Artificial Intelligence, Regulation, and the Right to Development - Thematic study by the Expert Mechanism on the Right to Development
15 August 2026
The fifth study will address artificial intelligence, regulation, and the right to development.
As artificial intelligence inevitably replaces many human jobs, arguably it also deprives people of meaningful and effective participation in their lives. High-risk artificial intelligence activity, far from benefiting humanity, can cause it serious physical harm. In such circumstances, the promotion of public participation, scientific integrity and reliable, robust, and trustworthy artificial intelligence applications is fundamental to positive progress in artificial intelligence.
In the absence of robust laws that go beyond ethical principles, there is a real risk that the right to development will be breached as a result of a lack of effective and meaningful participation through which individuals and peoples contribute to and enjoy economic, social, cultural, and political development in which all human rights and fundamental freedoms can be fully realized.
Whether modelling climate change, selecting job candidates or predicting if someone will commit a crime, AI can replace humans and make more decisions more quickly and cheaply. Whilst AI has been in many respects, a force for good, algorithmic bias can perpetuate existing structures of inequality in our societies and lead to various forms of discrimination. As AI inevitably replaces many human jobs, arguably, it also deprives humanity of meaningful and effective participation in their lives. Furthermore, high-risk AI activity, far from benefiting humanity, can cause serious physical harm to it.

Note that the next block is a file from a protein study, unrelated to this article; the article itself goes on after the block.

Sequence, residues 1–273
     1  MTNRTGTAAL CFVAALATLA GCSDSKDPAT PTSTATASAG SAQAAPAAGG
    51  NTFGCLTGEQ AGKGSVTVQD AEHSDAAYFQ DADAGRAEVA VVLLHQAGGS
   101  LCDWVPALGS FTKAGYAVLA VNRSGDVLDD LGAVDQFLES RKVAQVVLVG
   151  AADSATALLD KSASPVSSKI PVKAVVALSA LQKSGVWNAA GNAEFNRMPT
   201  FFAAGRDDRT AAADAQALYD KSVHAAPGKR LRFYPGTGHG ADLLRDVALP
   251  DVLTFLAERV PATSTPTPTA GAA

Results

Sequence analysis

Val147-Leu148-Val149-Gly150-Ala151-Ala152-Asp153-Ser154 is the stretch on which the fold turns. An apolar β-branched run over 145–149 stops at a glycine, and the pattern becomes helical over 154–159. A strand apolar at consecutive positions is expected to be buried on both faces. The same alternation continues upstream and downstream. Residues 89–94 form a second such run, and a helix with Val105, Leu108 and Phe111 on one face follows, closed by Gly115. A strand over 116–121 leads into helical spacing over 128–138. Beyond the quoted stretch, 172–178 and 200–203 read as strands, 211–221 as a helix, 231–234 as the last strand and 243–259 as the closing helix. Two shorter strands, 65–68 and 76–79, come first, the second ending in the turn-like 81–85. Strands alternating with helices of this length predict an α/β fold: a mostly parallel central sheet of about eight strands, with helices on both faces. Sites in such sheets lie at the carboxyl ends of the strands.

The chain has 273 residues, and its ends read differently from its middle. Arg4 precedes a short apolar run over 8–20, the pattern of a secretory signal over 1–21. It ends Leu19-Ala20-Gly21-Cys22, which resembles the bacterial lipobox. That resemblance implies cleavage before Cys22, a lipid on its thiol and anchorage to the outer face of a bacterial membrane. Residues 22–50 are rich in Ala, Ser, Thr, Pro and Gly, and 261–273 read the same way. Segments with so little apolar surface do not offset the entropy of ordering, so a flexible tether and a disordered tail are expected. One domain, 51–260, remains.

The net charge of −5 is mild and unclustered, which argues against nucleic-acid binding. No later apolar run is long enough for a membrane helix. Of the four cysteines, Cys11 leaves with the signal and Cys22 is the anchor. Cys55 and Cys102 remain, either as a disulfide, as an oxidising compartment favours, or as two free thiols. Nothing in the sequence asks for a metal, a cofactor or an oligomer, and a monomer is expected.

In those circumstances, promotion of reliable, robust, and trustworthy AI applications, public participation and scientific integrity are fundamental to positive AI progress. Transparency, trust, and authorisation should be at the core of this progress.
However, most AI initiatives developed in recent years globally have largely happened without any regulatory oversight. With the exception of ethical guidelines, legislators across the globe have not yet designed domestic laws that specifically regulate the use of AI. The proposed EU AI Act may be the first example of forthcoming binding legislation in this field, but it is not yet clear how it will develop, and to what extent if any, it will have an extra-territorial impact. It is also not apparent that it will have a ripple effect in other regions or countries in the world.
Therefore, in absence of robust laws that go beyond ethical principles, there is a real risk that the right to development will be breached if there is lack of effective and meaningful participation through which individuals and peoples contribute to, and enjoy economic, social, cultural, and political development, in which all human rights and fundamental freedoms can be fully realised. This risk should be mitigated through robust regulation, which necessarily includes the right to pause AI development (akin to the concept of ‘the right not to develop’ as sometimes is relied upon by indigenous people).
Any innovation and development at the expense of human rights is counterproductive. A right-based approach is essential to AI progress.
Expert Mechanism on the Right to Development
Ms. Klentiana MAHMUTAJ (Albania)